Andrzej Kostelic, Vice

As Catholics, we can acknowledge that yes, the crucifix on a Christmas tree and Nativity scenes in public schools are contrary to Catholic teaching. Nor should we be overly willing to accept the wholehearted,…

Andrzej Kostelic, Vice

As Catholics, we can acknowledge that yes, the crucifix on a Christmas tree and Nativity scenes in public schools are contrary to Catholic teaching. Nor should we be overly willing to accept the wholehearted, wholehearted declaration from my fellow bishops who call this a “moment of grace” and call for a religious right that you won’t see in the context of the Mass, but they want.

The truth is that we must recognize the bishops, however, are not God or have ever been God. When Pope Francis himself recognized that climate change was a real crisis with grave implications for our common home, he called on us to create a world of justice and peace. A world where a basic Christian identity could be lived in every corner of the earth, including a world where there was a real measure of equality for everyone, of wholeness for everyone.

Because I love my sisters and brothers in other religions and cultures and value the difference, I am thankful that my own Church is a land of acceptance of that diversity. No matter what you believe, we are made in the image of God. That’s a bond we need to affirm and protect. And we must be able to admit that God is not monolithic and may not call everyone to worship the same God.

What is true and must be true is that Christmas is a day of giving. We cannot ignore that. That meaning is not exclusive to Christians; it’s in fact universal. That becomes particularly significant in the current context when some of us are troubled by what our evangelical brother brothers and sisters — who are grateful for our religious freedom — and especially those of us who criticize them for authoritarianism and authoritarianism say about our religious freedom.

First, some of these Evangelicals don’t understand the freedom we’re talking about. Freedom from oppression or freedom to live a life of solitude in which we are able to choose our beliefs. But freedom from the strength of the state and the state’s authority. To quote author C.S. Lewis, it’s as though people suddenly thought that they could throw off the yoke of “‘social’ or state punishment, so as to bring about the creation of a world in which no individual was obliged to obey their authority or obey them in principle, and to life in a world in which justice prevailed and the group’s interests were sometimes identified with the individuals’ own interests.”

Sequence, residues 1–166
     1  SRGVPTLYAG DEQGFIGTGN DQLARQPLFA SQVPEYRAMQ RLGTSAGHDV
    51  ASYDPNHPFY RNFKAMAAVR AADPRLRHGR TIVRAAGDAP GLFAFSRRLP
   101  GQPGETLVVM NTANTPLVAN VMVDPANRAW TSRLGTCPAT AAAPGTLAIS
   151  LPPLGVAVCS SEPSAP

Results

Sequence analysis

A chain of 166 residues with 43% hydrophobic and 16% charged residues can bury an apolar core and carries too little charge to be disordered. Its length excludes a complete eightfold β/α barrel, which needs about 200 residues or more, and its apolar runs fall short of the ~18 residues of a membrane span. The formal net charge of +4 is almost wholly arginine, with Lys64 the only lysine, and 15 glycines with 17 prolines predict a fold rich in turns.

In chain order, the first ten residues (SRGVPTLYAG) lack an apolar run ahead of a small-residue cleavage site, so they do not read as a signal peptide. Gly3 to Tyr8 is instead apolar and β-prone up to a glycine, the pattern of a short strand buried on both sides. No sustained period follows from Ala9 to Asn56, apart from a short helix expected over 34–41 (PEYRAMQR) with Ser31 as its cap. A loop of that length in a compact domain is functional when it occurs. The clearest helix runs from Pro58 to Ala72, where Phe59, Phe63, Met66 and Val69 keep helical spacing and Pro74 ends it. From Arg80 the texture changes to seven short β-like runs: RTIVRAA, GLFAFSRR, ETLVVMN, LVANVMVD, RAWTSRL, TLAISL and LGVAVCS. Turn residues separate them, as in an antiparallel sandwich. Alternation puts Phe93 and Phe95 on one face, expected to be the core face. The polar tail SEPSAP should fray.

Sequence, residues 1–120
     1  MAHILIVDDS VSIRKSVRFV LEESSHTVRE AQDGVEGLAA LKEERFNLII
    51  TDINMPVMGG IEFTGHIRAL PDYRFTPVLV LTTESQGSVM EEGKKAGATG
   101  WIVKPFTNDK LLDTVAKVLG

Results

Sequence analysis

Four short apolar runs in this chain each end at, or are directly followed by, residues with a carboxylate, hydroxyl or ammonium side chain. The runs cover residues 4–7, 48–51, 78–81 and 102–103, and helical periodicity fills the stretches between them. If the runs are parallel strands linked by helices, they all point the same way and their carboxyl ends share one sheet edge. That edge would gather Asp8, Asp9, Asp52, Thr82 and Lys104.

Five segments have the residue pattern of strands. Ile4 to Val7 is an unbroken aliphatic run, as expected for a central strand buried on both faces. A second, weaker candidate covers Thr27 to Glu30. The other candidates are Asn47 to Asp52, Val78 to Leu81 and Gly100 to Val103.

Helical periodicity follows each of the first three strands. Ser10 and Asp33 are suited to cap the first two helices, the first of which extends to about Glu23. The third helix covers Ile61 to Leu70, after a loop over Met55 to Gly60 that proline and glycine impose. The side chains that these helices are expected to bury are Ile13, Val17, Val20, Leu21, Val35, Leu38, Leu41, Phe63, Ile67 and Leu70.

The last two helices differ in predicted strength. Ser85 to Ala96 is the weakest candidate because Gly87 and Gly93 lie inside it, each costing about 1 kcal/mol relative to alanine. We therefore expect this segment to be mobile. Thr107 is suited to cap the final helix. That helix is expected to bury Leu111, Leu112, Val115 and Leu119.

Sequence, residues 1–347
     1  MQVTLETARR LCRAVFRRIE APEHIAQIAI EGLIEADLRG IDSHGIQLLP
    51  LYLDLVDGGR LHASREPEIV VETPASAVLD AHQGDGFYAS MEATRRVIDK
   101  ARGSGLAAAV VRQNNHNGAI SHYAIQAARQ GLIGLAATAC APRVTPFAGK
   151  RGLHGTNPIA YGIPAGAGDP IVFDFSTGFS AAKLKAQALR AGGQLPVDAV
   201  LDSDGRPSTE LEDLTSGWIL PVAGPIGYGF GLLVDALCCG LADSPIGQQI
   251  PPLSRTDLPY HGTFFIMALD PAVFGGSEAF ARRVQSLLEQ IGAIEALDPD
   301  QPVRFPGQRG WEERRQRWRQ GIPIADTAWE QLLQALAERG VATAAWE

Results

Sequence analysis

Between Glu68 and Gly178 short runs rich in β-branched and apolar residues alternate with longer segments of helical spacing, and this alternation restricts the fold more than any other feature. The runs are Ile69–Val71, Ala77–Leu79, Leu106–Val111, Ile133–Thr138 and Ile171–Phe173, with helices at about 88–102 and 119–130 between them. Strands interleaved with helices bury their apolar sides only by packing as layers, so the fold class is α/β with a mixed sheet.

The Church understands this and we are deeply troubled about the current Trump administration. In a recent statement, Pope Francis spoke of “powerful” state powers that create “what Philip Luther called a deathly fear of society.” Religious freedom cannot simply be another card when when one plays chess or in a “great game,” as Pope Francis has said. The Church knows that when one puts a believer under the enormous weight of the state, that believer is the one who loses more than the believer that’s left. It’s true that we are all seeking religious freedom. But we have different conceptions of that freedom. Some Christians are indifferent to it. We need to promote what might be called “social” religious freedom — freedom from economic exploitation and the pressures to forsake the vulnerable and oppressed on behalf of wealth and power.

This isn’t revolutionary. It’s just a different vision of religious freedom that unites us in common care. It’s a vision that defines Christian commitment in community as diverse as we are, including Baptists, Catholics, Buddhists, Mormons, Muslims, atheists, agnostics, Jews, Sikhs, and others.

Catholic teachers need to demonstrate the identity of their Catholic faith and represent the social gospel and not the social gospel just because the institution that calls them to that ministry calls them to that ministry.

We know Christmas is not just a day of giving gifts to the kiddos, a day of the largest gift exchange in the world or a day to don red stockings to “gear up” for The Merry Olde England Christmas (pronounced “Dieintyondgeldwoirth”), to “warm up” for the football game with Morris dancing, to fill up on turkey and plum pudding, or to go skating with the glee of orphans on Christmas Eve. It’s a day to proclaim the dignity of every human being, to answer the call of our Lord to “make disciples of all nations” — a call that has been our calling from the beginning, that’s now part of our identity, that’s indelibly

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